Human Genome Sciences has refused GlaxoSmithKline’s unsolicited offer on April 11 proposing to acquire all of the outstanding shares of HGS for $13.00 per share in cash ($2.6 billion), an 81% premium to closing share price on April 18.
"This offer reflects full and fair value for Human Genome Sciences and the synergies inherent in this combination,” said Sir Andrew Witty, CEO of GSK. “It also eliminates substantial execution risk for Human Genome Sciences shareholders and delivers immediate and certain value that is superior to what we believe Human Genome Sciences can reasonably expect to create as a standalone company.”
The HGS board of directors, in consultation with independent financial and legal advisors, has carefully reviewed and considered the GSK offer and has determined that the offer does not reflect the value inherent in HGS.
"We are disappointed that Human Genome Sciences has rejected our offer without discussion and are confident that our offer is in the best interest of shareholders of both companies,” said Sir Andrew.
However, HGS announced on April 19 that its board of directors has authorized the exploration of strategic alternatives in the best interests of shareholders, including, but not limited to, a potential sale of the company. GSK has been invited to participate in this process and HGS has requested additional information regarding investigational products in GSK’s clinical pipeline to which HGS has substantial financial rights, including darapladib, currently in phase III development for the treatment of cardiovascular disease, and albiglutide, currently in phase III development for the treatment of type 2 diabetes.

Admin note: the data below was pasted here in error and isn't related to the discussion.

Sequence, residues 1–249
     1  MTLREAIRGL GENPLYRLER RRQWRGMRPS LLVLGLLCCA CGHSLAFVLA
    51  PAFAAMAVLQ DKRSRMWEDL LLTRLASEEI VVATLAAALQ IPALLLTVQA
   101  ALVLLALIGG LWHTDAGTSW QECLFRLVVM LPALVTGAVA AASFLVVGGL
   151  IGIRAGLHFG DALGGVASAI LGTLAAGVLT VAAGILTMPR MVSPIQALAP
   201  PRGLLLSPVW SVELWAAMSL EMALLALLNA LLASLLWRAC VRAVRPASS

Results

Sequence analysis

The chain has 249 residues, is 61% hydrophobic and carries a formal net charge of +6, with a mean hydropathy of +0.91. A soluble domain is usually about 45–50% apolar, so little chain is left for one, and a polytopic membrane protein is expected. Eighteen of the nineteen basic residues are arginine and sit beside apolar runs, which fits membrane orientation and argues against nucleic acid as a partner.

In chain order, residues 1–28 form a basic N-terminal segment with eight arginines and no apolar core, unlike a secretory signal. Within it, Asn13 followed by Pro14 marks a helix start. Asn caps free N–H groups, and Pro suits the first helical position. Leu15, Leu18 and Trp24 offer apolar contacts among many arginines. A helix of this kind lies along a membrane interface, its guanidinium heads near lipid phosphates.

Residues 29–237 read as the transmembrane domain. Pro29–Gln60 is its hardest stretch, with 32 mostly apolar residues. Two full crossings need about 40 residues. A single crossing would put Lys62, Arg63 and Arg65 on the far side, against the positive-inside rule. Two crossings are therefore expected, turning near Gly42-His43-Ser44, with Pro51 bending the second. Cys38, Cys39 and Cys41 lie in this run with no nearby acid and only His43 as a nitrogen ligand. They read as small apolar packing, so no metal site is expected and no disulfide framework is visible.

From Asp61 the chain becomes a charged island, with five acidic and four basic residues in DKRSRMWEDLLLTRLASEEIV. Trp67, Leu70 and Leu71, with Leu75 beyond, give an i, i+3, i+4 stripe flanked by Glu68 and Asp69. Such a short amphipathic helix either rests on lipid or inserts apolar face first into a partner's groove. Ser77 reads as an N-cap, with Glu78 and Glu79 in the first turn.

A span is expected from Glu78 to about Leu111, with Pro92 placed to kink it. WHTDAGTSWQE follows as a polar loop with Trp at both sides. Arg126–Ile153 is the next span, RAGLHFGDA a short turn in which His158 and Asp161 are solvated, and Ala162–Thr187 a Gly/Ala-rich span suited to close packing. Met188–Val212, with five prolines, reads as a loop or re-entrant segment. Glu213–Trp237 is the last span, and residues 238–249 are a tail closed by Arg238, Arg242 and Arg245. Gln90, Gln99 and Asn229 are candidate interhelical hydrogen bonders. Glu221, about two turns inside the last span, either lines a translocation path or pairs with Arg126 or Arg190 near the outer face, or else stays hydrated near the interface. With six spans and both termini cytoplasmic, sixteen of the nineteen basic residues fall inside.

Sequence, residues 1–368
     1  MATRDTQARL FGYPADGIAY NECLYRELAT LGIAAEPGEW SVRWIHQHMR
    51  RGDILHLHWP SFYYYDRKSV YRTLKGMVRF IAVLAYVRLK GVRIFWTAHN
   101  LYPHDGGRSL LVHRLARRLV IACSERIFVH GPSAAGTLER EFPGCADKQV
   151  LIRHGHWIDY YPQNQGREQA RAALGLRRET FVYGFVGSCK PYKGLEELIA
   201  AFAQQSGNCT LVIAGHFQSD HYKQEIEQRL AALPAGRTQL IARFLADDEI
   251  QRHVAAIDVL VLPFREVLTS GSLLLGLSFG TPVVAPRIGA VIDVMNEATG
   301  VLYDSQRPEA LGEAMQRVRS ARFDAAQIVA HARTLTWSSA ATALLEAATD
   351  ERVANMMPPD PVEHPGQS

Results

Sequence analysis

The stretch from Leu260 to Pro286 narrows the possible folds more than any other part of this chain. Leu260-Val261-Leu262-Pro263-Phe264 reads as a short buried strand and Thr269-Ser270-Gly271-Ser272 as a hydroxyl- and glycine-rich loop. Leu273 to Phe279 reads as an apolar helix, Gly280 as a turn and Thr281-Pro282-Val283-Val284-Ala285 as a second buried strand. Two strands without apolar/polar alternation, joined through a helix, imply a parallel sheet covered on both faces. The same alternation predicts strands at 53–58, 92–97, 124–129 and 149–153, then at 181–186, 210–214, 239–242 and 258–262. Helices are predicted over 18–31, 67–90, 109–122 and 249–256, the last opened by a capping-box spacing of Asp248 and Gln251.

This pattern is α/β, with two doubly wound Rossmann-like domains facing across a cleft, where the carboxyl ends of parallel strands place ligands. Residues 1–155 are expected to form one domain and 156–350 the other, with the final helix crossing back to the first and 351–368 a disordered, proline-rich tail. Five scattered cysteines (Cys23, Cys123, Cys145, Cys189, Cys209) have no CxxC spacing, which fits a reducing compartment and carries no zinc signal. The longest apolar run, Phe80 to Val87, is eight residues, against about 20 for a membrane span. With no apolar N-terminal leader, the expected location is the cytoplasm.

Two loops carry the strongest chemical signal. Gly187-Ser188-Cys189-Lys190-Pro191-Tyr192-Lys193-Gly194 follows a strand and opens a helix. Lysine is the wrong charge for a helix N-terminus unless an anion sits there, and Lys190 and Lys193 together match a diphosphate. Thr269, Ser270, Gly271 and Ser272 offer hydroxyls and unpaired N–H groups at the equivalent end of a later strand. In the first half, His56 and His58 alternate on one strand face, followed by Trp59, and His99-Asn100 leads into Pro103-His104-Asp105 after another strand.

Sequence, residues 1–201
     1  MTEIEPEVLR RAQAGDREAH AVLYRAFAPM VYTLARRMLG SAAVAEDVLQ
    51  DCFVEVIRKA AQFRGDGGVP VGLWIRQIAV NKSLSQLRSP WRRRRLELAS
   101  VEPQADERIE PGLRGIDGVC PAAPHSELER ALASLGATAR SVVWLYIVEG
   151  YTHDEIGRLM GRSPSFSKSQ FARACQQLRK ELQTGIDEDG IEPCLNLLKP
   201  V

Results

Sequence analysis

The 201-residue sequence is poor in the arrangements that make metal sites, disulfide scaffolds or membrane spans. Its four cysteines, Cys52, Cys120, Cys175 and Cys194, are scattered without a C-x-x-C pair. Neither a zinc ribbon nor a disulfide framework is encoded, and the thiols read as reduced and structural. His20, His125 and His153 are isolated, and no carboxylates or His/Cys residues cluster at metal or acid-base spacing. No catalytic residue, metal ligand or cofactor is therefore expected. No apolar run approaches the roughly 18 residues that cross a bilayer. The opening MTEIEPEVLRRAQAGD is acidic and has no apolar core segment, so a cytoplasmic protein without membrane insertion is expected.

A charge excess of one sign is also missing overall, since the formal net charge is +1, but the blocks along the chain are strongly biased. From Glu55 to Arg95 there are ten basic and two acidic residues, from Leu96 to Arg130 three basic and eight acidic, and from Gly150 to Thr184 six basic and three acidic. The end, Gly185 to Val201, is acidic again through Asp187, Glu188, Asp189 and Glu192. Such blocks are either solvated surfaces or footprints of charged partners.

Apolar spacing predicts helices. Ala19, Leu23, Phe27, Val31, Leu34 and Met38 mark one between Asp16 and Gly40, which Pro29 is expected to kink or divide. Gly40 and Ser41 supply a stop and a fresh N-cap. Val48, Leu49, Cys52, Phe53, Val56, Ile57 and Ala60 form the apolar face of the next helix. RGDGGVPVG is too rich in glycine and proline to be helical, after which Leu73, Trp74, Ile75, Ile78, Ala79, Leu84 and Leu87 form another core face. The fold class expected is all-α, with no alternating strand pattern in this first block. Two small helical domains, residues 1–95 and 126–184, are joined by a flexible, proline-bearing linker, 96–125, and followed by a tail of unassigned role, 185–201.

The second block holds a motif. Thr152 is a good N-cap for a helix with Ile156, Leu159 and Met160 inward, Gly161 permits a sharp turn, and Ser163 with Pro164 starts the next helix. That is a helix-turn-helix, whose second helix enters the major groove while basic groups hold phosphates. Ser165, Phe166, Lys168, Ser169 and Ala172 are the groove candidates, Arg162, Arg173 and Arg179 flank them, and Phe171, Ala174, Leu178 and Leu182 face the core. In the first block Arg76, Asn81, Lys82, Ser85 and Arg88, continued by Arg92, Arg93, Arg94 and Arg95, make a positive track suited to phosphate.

There can be no assurance that any transaction will occur or if so on what terms. HGS does not intend to discuss the status of its evaluation unless and until a specific transaction has been approved.
The day after GSK made its offer, HGS's stock rose 97.6%, closing at $14.17, with more than 126 million shares changing hands.